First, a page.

We think we live in the electronics age, but some of the most important information about us is still passed along by paper.
It’s amazing how many processes that are critical to our well being are based on paper. You’d think that in 2019, long after the events of the Hill Valley court house, that we’d be using electronic communication and that paper would be a relic. However, go to the basement of any real court house and you’ll see people lined up or waiting for their turn to file hard copy documents.
At least in Ontario, many legal proceedings require either quadruplet printouts of all the court filings, affidavits, statements, etc. These have to be physically carried, sometimes hundreds of kilometres, to be served with the opposing party and then filed in the court.
This past week, a family member was dealing with the nightmare of a requisition form not being faxed from a doctor’s office to a specialist. At least here, almost no doctors communicate with patients through email or through some web interface. Fax is still king. Or phone… just don’t leave a message.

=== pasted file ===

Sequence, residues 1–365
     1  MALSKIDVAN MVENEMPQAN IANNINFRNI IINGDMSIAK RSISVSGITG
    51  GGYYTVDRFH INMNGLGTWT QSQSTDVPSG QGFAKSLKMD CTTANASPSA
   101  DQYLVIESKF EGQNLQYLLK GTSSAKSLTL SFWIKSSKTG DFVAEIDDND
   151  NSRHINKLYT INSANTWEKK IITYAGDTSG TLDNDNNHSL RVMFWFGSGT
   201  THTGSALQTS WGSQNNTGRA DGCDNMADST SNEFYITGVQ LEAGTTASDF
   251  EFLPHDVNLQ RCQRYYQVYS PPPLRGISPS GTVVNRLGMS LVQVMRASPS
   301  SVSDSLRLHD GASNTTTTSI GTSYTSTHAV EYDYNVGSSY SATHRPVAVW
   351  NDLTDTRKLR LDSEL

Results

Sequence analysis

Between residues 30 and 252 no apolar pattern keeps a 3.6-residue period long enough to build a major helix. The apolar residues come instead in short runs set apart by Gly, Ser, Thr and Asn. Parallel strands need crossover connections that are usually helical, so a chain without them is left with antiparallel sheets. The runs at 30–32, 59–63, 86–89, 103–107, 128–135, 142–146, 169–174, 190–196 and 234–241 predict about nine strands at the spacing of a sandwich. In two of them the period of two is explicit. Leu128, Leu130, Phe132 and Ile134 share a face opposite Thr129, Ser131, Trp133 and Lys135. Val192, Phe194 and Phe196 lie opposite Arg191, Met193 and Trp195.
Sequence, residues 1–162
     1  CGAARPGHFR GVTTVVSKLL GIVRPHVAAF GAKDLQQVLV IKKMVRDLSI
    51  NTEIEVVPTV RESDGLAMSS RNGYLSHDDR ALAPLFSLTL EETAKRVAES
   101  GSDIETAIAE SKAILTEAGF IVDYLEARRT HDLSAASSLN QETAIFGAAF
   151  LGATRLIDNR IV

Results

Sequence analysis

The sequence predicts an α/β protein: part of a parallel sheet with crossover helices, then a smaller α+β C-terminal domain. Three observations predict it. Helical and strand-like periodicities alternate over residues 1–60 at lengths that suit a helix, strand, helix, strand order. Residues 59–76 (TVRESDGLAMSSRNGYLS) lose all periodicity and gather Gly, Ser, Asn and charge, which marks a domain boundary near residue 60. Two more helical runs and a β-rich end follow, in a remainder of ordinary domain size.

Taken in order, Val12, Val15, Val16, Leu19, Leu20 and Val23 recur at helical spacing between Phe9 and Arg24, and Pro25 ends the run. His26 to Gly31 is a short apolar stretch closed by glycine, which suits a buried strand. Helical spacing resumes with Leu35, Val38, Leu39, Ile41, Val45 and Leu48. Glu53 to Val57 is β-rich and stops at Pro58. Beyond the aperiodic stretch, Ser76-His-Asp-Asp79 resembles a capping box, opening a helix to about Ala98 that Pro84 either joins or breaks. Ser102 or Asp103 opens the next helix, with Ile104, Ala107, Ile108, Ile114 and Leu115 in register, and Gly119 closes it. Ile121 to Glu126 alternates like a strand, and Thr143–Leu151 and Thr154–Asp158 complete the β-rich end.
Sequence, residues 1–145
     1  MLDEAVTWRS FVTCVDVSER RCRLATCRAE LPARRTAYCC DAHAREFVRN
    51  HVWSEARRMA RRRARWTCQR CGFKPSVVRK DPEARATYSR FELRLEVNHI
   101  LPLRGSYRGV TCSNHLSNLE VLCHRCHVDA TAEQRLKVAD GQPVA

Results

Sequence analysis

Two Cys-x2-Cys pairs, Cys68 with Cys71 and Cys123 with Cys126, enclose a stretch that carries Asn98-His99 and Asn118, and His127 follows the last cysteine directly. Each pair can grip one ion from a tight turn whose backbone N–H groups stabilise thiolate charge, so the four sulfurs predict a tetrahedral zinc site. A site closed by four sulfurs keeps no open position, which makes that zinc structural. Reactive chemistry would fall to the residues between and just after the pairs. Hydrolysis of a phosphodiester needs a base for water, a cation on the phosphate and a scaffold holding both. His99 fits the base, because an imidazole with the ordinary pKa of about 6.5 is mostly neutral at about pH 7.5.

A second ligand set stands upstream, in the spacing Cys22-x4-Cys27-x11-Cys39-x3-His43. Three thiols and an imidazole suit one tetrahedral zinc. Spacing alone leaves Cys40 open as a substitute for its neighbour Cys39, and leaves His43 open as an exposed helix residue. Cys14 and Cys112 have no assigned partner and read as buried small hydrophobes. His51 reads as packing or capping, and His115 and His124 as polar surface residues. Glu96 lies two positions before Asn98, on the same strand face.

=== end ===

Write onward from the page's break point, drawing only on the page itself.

efax services seem like a strange intermediary. You email your fax as an attachment with the fax number as the address @somedomain.com or in the subject line. Received faxes at a virtual number are emailed as an attachment.
There is a generation that came to significant milestones in their careers when faxes were the rage and the fax gained a strong foothold in bureaucracies. This is my theory. At the time, faxes were a huge advance over couriering documents and it was a big accomplishment to get them into an office or system after years of campaigning.
However, things stagnated. Even today, with some offices allowing for the emailing of information, the processes still vary a lot. Some places say to email to an address, some to attach a form.
Documents are not going away… and document handling is not a flashy area to work. However, cleaning up this sludge will help us move a lot faster as a society.